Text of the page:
Let's break this down a bit. There are TWO kinds of aid: need-based aid and merit-based aid. Which is it that you need?
Go to Finaid.org
to calculate your estimated EFC (expected family contribution). If it's quite low, then you should be looking for schools that offer generous need-based aid
. These tend to be the more competitive private colleges and universities. You can look at the Princeton Review
website to see the financial aid rankings of different schools. You'll be looking for schools with very high FA rankings - as close to 100 as possible.
If your family income is too high for you to qualify for need-based aid, then you need to apply to schools that offer merit-based aid
. And, to find the right schools, you just have to look at schools where your GPA and ACT/SAT scores would be above average
(preferably way above average!) for that school. Again, look at Princeton Review - and this time you're looking at the admissions rankings of each school. Look for private schools that you can easily get into - and then check the school websites to see what kind of merit aid they offer.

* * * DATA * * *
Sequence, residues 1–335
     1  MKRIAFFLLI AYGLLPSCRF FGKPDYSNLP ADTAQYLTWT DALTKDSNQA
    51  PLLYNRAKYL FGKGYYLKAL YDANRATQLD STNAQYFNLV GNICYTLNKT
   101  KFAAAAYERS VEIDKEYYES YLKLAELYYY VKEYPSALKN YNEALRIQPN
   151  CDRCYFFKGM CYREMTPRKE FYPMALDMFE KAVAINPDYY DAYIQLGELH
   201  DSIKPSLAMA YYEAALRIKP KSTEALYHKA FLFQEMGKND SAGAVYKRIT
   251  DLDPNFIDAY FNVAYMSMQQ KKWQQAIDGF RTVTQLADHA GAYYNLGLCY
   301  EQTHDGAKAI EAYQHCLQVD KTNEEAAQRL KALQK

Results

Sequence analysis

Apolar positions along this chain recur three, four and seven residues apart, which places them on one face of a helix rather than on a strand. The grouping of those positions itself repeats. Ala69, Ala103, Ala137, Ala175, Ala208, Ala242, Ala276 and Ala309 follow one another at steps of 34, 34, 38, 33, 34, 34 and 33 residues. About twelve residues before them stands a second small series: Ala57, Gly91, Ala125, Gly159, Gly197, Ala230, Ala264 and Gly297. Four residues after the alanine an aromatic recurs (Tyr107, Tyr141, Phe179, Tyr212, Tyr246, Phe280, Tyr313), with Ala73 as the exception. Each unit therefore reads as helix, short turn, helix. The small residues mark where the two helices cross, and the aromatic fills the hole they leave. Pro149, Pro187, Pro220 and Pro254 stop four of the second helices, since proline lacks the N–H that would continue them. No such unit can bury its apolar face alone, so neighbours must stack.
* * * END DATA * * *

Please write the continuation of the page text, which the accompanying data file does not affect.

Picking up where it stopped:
Keep in mind that if you need merit-based aid, there's no point in looking at schools where your GPA and test scores are just average for that school. You have to focus on schools where you would really be the exceptional candidate - that's what it's going to take to get the best merit awards!
If you have very strong stat's (high GPA and test scores), then you can also look at schools that offer guaranteed merit scholarships
. In other words, if your ACT score is above "X", the scholarship is guaranteed! These are often state schools, and you can find them listed here
If you did well enough on the PSAT to qualify as a National Merit Finalist, that gives you other scholarship options as well.
All of these will serve you better than a one-time independent scholarship award that will only be good for one year. Unless you only want to go to school for one year . . .